Effects of Fluroquinolone Exposure on Aortic Dissection, Aneurysm Outcomes

Investigators sought to determine whether fluroquinolone use increased the risk for poor clinical outcomes and death in a cohort of patients with aortic dissection or aortic aneurysm.

Fluoroquinolone (FQ) exposure was associated with an increased risk for mortality and adverse outcomes among patients with aortic dissection (AD) or aortic aneurysm (AA), according to results of a retrospective cohort study, published in the Journal of the American College of Cardiology.

Investigators analyzed patient claims data included in Taiwan’s National Health Insurance Research Database for this study. They assessed all patients (N=31,570) with AD or AA between 2001 and 2013 for drug exposure and clinical outcomes.

Patients with AD (42.7%) and AA (57.3%) were a mean age of 70.2 years; 72.6% were male; 76.2% had hypertension; and 24.4% underwent aortic surgery. Patients with AA were older (74.9 vs 63.8 years) and fewer underwent surgery (22.4% vs 27.2%) than patients with AD, respectively.

From 2001 to 2013, instance of AD (4.4% vs 6.9%; P <.001) and AA (6.5% vs 9.9%; P <.001) increased over time as did prescriptions for FQs (3.6% vs 11.5%; P <.001) and amoxicillin (7.1% vs 8.8%; P <.001). Almost a quarter of patients (23.5%) received prescriptions to FQs, and more than a third (36.2%) received prescriptions for amoxicillin.

All-cause mortality occurred at a rate of 129.5 events/1000 PY.

Patients exposed to FQs were at increased risk for all-cause mortality (adjusted hazard ratio [aHR], 1.61 [95% CI, 1.5-1.73]); aortic death (aHR, 1.8 [95% CI, 1.5-2.15]); undergoing aortic open heart surgery (aHR, 1.49 [95% CI, 1.24-1.79]); and receiving an aortic stent (aHR, 1.64 [95% CI, 1.3-2.06]).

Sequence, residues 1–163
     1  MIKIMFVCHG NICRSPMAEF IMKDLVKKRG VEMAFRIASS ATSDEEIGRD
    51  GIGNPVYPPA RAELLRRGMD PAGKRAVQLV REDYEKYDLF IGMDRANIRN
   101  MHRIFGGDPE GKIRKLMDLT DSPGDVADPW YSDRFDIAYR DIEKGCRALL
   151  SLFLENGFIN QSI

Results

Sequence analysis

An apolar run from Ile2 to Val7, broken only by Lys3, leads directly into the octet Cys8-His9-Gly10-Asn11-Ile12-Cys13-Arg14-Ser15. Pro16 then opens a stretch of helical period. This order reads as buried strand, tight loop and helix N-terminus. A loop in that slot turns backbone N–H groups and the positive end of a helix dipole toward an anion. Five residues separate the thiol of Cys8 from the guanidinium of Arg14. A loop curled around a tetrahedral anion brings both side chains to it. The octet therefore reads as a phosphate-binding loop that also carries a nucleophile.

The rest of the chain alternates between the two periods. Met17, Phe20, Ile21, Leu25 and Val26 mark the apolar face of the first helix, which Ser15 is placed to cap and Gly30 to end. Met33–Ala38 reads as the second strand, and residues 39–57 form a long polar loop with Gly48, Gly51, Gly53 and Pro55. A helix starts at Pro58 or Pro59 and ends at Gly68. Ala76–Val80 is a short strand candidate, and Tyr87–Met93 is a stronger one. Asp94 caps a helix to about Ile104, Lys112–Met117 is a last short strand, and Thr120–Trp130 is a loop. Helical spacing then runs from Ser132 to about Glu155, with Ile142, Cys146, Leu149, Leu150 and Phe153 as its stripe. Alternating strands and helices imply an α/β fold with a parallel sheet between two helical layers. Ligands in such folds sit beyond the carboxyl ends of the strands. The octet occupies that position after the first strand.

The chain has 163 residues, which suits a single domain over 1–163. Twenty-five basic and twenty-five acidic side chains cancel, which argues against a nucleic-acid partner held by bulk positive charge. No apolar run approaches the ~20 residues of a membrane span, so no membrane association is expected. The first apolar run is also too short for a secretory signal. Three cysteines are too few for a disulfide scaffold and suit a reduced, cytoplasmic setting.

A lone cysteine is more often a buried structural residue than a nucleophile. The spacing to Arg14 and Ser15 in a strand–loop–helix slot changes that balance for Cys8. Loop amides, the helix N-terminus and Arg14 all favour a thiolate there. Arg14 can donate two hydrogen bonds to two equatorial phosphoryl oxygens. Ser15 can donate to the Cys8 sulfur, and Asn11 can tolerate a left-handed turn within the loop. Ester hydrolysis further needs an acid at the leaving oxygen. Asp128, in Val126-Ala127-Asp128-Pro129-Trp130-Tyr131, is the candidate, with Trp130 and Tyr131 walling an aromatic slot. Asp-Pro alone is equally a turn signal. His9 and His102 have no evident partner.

Among patients who had an infection during follow-up, FQ exposure increased risk for all-cause mortality (aHR, 1.31 [95% CI, 1.18-1.46]) and aortic death (aHR, 1.58 [95% CI, 1.22-2.05]) but not for open heart surgery or receiving a stent.

The investigators observed no significant group differences for risk for primary outcomes when stratified by AD or AA status,.

This study may have been limited by not having access to data about adherence to prescriptions.

These data indicated patients with AD or AA had poorer outcomes with FQ exposure. The study authors recommended against use of FQs among these high-risk patient populations.


Chen SW, Chan YH, Chien-Chia Wu V, et al. Effects of fluoroquinolones on outcomes of patients with aortic dissection or aneurysm. J Am Coll Cardiol. 2021;77(15):1875-1887.